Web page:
Ellen Clark, L.C.S.W.
The holiday season brings an onslaught of media messages that say that this is "the happiest, most joyful time of the year." Holiday songs convey this message. Magazine covers extol the fun of decorating, cooking, and family gatherings. Consumers are pursued relentlessly to buy, buy, buy, and get that perfect gift. The holiday bar is set high. So why is it that many people find the holidays stressful, lonely, sad, and depressing?
For many, just trying to pursue that elusive magical holiday experience is exhausting, frustrating, and ultimately disappointing. In a society characterized by working parents, time pressures alone can be overwhelming. Trying to make a wonderful holiday for the kids is often translated into buying more gifts. Parents question "did I buy enough," "will the kids be disappointed," and often succumb to media and internal pressure to spend more. As a result, budgets are strained and there often is the January blues when the bills come due.
For others, the holidays can intensify the losses they have experienced in their life. For individuals who have lost a parent, child, or other loved one, the holidays can be extremely painful. A man, whose wife had died, once said that he just wanted to rip December off his calendar and go straight to January. Grieving people face the holidays with dread knowing that their loss will be magnified. They fear being overwhelmed. The holidays are the ultimate denial busters that their loved one is no longer with them.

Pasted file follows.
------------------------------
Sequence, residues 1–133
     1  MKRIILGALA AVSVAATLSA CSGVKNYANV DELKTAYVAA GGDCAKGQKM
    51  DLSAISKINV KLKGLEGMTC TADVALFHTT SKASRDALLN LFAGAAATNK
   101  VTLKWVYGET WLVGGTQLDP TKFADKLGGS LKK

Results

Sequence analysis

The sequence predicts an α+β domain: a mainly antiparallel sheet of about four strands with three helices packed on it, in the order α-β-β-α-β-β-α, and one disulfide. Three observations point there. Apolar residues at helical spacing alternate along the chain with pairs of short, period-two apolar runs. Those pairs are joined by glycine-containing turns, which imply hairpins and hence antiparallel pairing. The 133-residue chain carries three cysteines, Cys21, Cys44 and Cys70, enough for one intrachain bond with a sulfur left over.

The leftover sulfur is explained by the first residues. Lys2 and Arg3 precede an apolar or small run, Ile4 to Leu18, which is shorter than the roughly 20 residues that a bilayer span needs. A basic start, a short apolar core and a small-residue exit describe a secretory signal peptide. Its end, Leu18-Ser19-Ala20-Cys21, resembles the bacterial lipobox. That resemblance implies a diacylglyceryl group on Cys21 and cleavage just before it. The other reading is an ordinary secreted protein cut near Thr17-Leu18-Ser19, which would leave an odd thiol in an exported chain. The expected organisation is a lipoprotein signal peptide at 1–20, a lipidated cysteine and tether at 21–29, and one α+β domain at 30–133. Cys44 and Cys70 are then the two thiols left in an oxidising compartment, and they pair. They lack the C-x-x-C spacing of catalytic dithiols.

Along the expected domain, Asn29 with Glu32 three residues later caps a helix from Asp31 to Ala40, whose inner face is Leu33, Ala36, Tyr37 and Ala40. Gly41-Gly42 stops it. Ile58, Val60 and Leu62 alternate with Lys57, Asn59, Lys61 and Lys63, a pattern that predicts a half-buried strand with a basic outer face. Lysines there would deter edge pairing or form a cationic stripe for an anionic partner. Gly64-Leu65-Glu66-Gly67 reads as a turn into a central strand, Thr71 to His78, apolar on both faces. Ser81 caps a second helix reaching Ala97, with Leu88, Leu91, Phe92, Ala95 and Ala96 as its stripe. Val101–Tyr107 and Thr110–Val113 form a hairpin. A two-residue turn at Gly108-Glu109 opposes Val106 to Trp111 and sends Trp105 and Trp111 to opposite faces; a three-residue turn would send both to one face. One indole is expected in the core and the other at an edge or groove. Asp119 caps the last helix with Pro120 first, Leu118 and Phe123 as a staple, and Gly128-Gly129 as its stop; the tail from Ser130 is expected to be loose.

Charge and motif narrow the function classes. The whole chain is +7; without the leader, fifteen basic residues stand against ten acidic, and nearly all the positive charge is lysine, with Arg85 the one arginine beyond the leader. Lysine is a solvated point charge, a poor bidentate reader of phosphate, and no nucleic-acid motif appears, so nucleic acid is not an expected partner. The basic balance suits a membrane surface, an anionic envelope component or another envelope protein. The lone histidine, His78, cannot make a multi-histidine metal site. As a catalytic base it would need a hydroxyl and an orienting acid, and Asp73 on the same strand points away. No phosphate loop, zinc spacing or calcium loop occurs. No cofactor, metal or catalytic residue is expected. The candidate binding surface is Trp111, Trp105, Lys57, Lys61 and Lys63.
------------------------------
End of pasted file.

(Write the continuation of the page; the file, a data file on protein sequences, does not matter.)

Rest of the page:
How can people get through the holidays and avoid some of the pitfalls that make this season sad and stressful for many. First, give yourself permission to reinvent the holidays. Often, people are stuck in holiday traditions that no longer work yet they feel compelled to continue. Evaluate what you really enjoy and what you don't. Have a family meeting and discuss everyone's likes and dislikes, then start negotiating. Be open to delegating responsibility and setting limits on time, money, and effort. The key is to start the process early and get everyone on the same page with changes.
For people who are grieving:
- Create rituals that honor your loved one. This might be as simple as lighting candles or sharing favorite stories about the loved one with family members.
- Remember the holidays you shared together. Talk about those memories with others.
- Get emotional support if you need it. Family and friends are often there for support but don't hesitate to seek professional help if you feel you need it.
Work/Life Connections-EAP at Vanderbilt can be a resource for support and counseling. Call 615-936-1327 for a confidential appointment.